As per the Governor's shut down we are working remotely, however rest assured that we are still working to protect your rights! Please email us at dbrilliant@bnlegal.com for Dina Brilliant and gneiman@bnlegal.com for Glenn Neiman or call us at (215) 638-7500 and leave a message as we are checking our messages.

A new Frequently Asked Question has been, "I have the Coronavirus, can I get workers' compensation benefits?" The answer is that, yes, you may be entitled to workers compensation benefits depending on the facts. This can be whether you have contracted COVID-19 through work, or whether you have lost a modified duty job through an employer closing or layoff. Email or call us to discuss the specifics of your case in regard to the Coronavirus or any other work injury.

Contusions or Bruises Can Be Serious Injuries in PA Workers’ Compensation

How many times must an injured worker in PA hear something like, “Why are you still out of work – it was just a bruise?”  What is not widely understood is that a bruise, or a contusion, can, indeed, be a serious injury with very severe consequences.  Recently, we saw an example of this in the sports world.

Tyler Lockett, a wide receiver for the Seattle Seahawks in the NFL, suffered a bruised lower leg in a game on November 11, 2019.  According to an article in the Washington Post, Mr. Lockett was hospitalized overnight as a result of the injury.  In addition to causing pain and immobility, a bruise or contusion can also cause swelling.  This swelling, when in a small area, such as a lower leg, can instigate “compartment syndrome.”  According to the article, “Compartment syndrome is a rare but potentially dangerous condition in which pressure builds to extreme levels in a limb after it undergoes some sort of trauma, either from a big hit or simple exercise.”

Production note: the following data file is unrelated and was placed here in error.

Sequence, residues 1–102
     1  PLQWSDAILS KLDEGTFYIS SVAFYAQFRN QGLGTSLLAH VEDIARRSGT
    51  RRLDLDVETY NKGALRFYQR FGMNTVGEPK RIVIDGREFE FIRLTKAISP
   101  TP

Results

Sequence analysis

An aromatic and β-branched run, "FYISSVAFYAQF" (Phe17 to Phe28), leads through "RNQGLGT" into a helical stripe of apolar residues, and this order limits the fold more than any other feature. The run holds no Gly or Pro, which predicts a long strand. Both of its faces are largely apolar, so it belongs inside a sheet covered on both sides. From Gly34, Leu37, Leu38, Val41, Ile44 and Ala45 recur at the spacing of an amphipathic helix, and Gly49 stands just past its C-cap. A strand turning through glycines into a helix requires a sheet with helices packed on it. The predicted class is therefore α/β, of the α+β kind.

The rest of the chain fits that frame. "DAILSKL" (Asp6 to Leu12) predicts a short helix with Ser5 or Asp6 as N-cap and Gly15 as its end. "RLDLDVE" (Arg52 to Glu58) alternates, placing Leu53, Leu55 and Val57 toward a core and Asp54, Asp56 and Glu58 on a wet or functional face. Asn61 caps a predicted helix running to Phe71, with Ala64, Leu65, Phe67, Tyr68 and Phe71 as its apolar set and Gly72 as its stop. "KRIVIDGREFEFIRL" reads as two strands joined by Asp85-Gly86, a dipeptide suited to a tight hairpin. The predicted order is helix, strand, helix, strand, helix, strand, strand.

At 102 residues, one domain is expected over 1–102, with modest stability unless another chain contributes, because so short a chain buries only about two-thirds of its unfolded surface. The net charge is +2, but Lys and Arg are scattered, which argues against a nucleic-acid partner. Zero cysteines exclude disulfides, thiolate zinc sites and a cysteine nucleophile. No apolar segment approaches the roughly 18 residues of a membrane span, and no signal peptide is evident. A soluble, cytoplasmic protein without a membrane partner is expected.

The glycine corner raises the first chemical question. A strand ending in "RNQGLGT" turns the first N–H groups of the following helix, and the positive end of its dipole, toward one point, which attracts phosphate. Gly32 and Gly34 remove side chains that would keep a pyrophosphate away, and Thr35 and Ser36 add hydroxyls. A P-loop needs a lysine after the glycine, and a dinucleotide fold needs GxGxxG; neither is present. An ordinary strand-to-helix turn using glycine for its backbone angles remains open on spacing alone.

On the website for the American Academy of Orthopaedic Surgeons (AAOS), it is reiterated that compartment syndrome can result from badly bruising a muscle, which we do often see in PA workers’ compensation cases.  When this compartment syndrome is the result of acute trauma, it is a medical emergency.  Immediate treatment is necessary to avoid permanent damage to muscle, nerve and tissue.  There is no non-surgical treatment for compartment syndrome.  Specifically, the treatment involved would be:

Your doctor will make an incision and cut open the skin and fascia covering the affected compartment. This procedure is called a fasciotomy.  Sometimes, the swelling can be severe enough that the skin incision cannot be closed immediately. The incision is surgically repaired when swelling subsides. Sometimes a skin graft is used.”

Note that the bruising or contusion can be severe even if there is no compartment syndrome.  Mr. Lockett was hospitalized despite there not being compartment syndrome.  So, the next time you see an injured worker with a bruise or contusion, take a moment to consider that this is not “just” a bruise or contusion, but an injury that can be significant.

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